Wellness and Asthma Prevention in the Home

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In a staggering statistic, nearly 26 million Americans suffer from asthma, including more than 7 million children. The chronic, often lifelong disease is not only serious, but can actually be life threatening for many. Those unfortunate to suffer with asthma can be affected daily by both natural and manmade triggers, which make breathing more difficult. Many of us assume that the majority of these triggers are encountered outdoors, but they are in fact often airborne and can (and do) infiltrate homes causing problematic and dangerous asthma attacks inside.

In excerpts of a press release written by Steven Michaels, a representative of the Spray Polyurethane Foam Alliance (SPFA), he states that indoor air quality is a key component of healthy homes, which have taken center stage among architects and builders as part of the growing wellness movement, broadening more commonly practiced sustainability initiatives into the realm of human health. As building leaders continue to enhance best practices for wellness and air integrity in homes, asthma prevention should be prioritized, if for no other reason than the sheer number of Americans affected by it.

What triggers asthma attacks in the home?

Asthma triggers are present in the daily environment and include pollen, smoke, pet dander, dust, mold, ozone, chemicals and even changes in the weather. When an asthma sufferer breathes in a trigger, the airways respond by creating extra mucous and swelling, making breathing difficult. Not surprisingly, the American Lung Association (ALA) links asthma directly to air quality and particle pollution. The association’s recent ALA State of the Air 2017 Report found that 38.9 percent of people in the U.S. live in counties that have unhealthful levels of either ozone or particle pollution. The report also found an unrelenting increase in dangerous spikes in particle pollution. The number of people exposed to unhealthy levels of air pollution now sits at 125 million.

Particle pollution increases the risk for those afflicted when it infiltrates the home. This breach of triggers into the home occurs when the envelope lacks a proper seal. Once the triggers get inside, asthma sufferers are prone to full blown asthma attacks in a place they should feel most secure and safe from them.

Why does sealing your home matter?

One common way to prevent particle pollution infiltration in the home is by utilizing high performance building products that create air. Because asthma triggers include mold, mildew and dramatic temperature changes, an ideal home seal will act as a barrier and effective moisture, thermal and air control solution, as is achieved with spray polyurethane foam insulation. The improved air-tightness resulting from spray foam better controls indoor humidity, which can reduce the occurrence of mold and mildew. Additionally, it is extremely effective at providing energy efficiency which, in addition to providing long term energy cost savings, reduces hot and cold pockets that can be asthma inducing. Because of the insulating properties of spray polyurethane foam insulation, this thermal control is achieved with less energy demands on heating and cooling.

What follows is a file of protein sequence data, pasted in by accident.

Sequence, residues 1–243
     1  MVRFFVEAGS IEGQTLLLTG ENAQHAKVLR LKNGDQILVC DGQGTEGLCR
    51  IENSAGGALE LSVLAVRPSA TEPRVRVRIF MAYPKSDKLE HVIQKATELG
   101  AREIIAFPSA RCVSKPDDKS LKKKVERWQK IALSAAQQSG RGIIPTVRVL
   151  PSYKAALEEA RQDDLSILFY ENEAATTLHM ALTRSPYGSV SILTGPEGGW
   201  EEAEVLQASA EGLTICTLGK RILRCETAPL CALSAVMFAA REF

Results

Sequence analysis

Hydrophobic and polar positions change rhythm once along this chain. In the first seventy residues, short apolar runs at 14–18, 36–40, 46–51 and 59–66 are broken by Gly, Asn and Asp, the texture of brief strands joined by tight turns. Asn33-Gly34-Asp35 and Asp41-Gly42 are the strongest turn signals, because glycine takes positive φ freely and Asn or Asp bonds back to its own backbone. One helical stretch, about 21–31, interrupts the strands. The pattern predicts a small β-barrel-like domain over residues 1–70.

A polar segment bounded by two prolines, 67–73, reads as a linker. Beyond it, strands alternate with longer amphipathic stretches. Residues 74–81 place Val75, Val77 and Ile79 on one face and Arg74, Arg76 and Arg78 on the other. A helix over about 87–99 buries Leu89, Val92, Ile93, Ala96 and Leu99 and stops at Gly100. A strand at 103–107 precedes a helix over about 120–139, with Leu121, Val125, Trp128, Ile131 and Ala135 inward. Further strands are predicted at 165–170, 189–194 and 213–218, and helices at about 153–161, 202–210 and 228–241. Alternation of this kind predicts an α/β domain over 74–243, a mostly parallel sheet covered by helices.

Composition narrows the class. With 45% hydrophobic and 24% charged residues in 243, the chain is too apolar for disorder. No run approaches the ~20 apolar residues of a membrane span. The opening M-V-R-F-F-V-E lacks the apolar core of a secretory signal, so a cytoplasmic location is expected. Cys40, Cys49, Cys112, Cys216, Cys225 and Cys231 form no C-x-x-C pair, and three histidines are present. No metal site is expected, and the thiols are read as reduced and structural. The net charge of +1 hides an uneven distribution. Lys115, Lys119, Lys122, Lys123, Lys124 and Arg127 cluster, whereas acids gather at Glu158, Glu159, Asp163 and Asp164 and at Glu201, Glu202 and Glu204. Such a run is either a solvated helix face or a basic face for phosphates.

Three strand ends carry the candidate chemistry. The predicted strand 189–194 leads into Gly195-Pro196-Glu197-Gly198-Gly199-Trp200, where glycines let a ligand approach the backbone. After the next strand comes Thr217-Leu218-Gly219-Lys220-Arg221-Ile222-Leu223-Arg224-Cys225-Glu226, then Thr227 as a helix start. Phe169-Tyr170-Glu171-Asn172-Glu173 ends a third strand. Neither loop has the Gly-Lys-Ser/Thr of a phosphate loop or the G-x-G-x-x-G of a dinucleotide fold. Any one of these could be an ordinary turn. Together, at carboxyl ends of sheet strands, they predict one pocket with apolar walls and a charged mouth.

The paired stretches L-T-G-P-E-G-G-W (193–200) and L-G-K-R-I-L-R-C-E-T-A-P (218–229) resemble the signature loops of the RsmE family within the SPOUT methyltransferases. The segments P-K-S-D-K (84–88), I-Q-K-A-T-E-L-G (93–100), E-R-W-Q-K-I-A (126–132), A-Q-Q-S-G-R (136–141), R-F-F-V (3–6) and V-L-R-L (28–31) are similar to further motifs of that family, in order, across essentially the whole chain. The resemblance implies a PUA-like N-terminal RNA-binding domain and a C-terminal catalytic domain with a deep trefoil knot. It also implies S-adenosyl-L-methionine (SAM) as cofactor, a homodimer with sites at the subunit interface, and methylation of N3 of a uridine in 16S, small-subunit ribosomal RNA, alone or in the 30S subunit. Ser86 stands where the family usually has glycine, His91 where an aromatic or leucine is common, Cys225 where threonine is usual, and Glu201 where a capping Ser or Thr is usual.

With thermal, moisture and air control handled, there is a significant reduced likelihood of asthma attacks, while enhancing comfort indoors.

While spray foam creates an air tight seal to prevent the infiltration of outdoor triggers, indoor triggers can be addressed with the use of an energy recovery ventilator. The ventilator enables the healthful and energy efficient exchange of stale indoor air with fresh and filtered outdoor air, working in concert with the spray foam insulation to ensure a total indoor air quality solution.

With thermal, moisture and air control handled, there is a significant reduced likelihood of asthma attacks, while enhancing comfort indoors.

“This was the solution that Ty implemented in his mom’s home and he has confirmed that it made enormous improvements to both her comfort and health,” added Riesenberg. “Frankly I found his story moving because I know people with asthma and it is terrible. Our industry really can make an important difference for these people by making smart choices. It’s really that simple.”

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Company Name: CT Retrofit
Contact Person: Steven Michael
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Phone: 860.238.3112
Address:107 Montauk Avenue Rd
City: New London
State: Connecticut
Country: United States
Website: https://ctretrofit.com/